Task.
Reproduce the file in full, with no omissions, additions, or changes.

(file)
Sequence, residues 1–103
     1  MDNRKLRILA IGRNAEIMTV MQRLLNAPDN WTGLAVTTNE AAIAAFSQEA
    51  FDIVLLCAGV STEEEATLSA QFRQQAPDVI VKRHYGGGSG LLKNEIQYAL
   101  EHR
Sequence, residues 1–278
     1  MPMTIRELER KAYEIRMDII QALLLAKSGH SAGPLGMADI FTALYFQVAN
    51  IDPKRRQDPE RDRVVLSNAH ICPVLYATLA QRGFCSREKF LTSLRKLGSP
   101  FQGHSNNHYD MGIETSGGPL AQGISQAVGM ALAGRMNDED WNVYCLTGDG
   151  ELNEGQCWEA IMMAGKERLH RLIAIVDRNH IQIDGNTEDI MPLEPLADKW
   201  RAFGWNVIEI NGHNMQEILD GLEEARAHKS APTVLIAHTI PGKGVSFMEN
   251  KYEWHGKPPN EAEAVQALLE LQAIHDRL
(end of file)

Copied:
Sequence, residues 1–103
     1  MDNRKLRILA IGRNAEIMTV MQRLLNAPDN WTGLAVTTNE AAIAAFSQEA
    51  FDIVLLCAGV STEEEATLSA QFRQQAPDVI VKRHYGGGSG LLKNEIQYAL
   101  EHR
Sequence, residues 1–278
     1  MPMTIRELER KAYEIRMDII QALLLAKSGH SAGPLGMADI FTALYFQVAN
    51  IDPKRRQDPE RDRVVLSNAH ICPVLYATLA QRGFCSREKF LTSLRKLGSP
   101  FQGHSNNHYD MGIETSGGPL AQGISQAVGM ALAGRMNDED WNVYCLTGDG
   151  ELNEGQCWEA IMMAGKERLH RLIAIVDRNH IQIDGNTEDI MPLEPLADKW
   201  RAFGWNVIEI NGHNMQEILD GLEEARAHKS APTVLIAHTI PGKGVSFMEN
   251  KYEWHGKPPN EAEAVQALLE LQAIHDRL